The story of cotton

Pintô Art Museum presents ‘Algodon,’ featuring Pepito Albert, Vic Barba, JC Buendia, Tonichi Nocom, and Randy Ortiz

LOOM WEAVED FOR MEN Inabel makes its way in menswear through this sharp, trailing vest featuring binakol prints by Barba

Cotton—the soft, fluffy, and extremely durable agricultural product—will take centerstage at Gallery 7 of Pintô Art Museum on Feb. 5, Sunday, in what may be a definitive fashion event of the year.

Dubbed “Algodon,” the Spanish word for cotton, the by-invitation-only show will feature the evocative creations of some of the most talented Filipino fashion designers, namely, Pepito Albert, Vic Barba, JC Buendia, Tonichi Nocom, and Randy Ortiz. Bearing their respective signature styles, the designers will demonstrate the beauty, subtlety, and versatility of inabel fabrics made of pure cotton and dipped in organic dyes.

DANCING DRESS JC Buendia creates a couture confection in this ballerina skirt using inabel

For Dr. Joven Cuanang, president and founder of the museum, Algodon is “a celebration of the revitalization of cotton farming in Pinili, Ilocos Norte.” Dismayed that most of the inabel fabrics in the market were made from a combination of polyester and cotton, Dr. Cuanang initiated a cotton development project in Pinili in 2016. His vision was for the farming community to supply sufficient fibers for the weavers to produce 100 percent pure cotton inabel. With the help of the local and national government, what initially began as two hectares devoted to cotton farming ballooned to 20, enough to keep the weavers’ hands busy and the looms humming.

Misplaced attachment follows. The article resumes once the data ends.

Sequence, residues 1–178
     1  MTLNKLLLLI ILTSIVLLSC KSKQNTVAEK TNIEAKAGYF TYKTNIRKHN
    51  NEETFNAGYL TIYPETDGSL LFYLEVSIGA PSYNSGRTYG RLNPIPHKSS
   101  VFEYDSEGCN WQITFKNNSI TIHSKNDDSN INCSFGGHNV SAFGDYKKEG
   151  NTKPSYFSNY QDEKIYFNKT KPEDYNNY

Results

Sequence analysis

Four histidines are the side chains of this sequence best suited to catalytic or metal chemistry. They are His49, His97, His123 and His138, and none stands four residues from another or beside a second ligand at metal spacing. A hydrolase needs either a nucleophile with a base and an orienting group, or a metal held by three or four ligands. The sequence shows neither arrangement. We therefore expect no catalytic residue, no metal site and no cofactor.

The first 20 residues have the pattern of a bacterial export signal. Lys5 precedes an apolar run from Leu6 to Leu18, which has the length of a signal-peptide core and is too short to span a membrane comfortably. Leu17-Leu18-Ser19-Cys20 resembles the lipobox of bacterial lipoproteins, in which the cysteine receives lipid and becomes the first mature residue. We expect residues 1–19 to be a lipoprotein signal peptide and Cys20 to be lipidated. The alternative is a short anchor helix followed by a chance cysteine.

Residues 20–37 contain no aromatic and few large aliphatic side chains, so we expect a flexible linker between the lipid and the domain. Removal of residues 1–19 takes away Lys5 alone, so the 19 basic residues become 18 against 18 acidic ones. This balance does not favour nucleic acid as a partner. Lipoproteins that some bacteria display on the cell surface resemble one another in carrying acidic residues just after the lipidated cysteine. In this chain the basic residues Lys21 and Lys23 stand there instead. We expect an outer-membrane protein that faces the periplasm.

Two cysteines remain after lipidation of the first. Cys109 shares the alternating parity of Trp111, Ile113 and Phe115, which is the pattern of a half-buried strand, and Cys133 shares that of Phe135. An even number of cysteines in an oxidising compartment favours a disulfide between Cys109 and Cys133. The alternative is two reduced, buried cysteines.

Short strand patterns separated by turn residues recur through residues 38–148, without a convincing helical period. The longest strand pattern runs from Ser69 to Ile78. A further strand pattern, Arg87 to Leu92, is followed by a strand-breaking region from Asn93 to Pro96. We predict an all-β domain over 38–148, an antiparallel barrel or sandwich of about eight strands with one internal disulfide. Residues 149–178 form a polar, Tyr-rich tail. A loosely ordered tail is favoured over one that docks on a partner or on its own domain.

Once the grassroots cotton production was set in place, it didn’t take long for the designers to get their hands on these fabrics. Long champions of local materials, Albert, Barba, Buendia, Nocom, and Ortiz transformed inabel into heart-stopping creations, from embroidered bustier to patchwork jackets to breezy resort wear to couture spectacles with contemporary silhouettes. The fashion show, to be directed by Jackie Aquino, will tell the story of the inabel cotton—its agricultural origins, its centrality in the farming and weaving communities in Ilocos, and its eventual triumph on the fashion stage.  

‘Farm-produced cotton has its rightful place in our times. It is part of our cultural heritage.’

The event hopes to emphasize that sustainable, ethically-sourced cotton used for fabrics is now available and that inabel, a precolonial cloth, may be fashioned in a variety of ways, not least of which as material and inspiration for the imaginative play of designers. “Algodon,” says Dr. Cuanang, “is a statement of an idea put into action. Painstakingly, over the last six years, we nurtured it from the seed farm to fiber to fashion. Farm-produced cotton has its rightful place in our times. It is part of our cultural heritage. It should be revitalized all over our country.”

Pintô Art Museum is at 1 Sierra Madre Street Grand Heights Subdivision 1870 Antipolo City.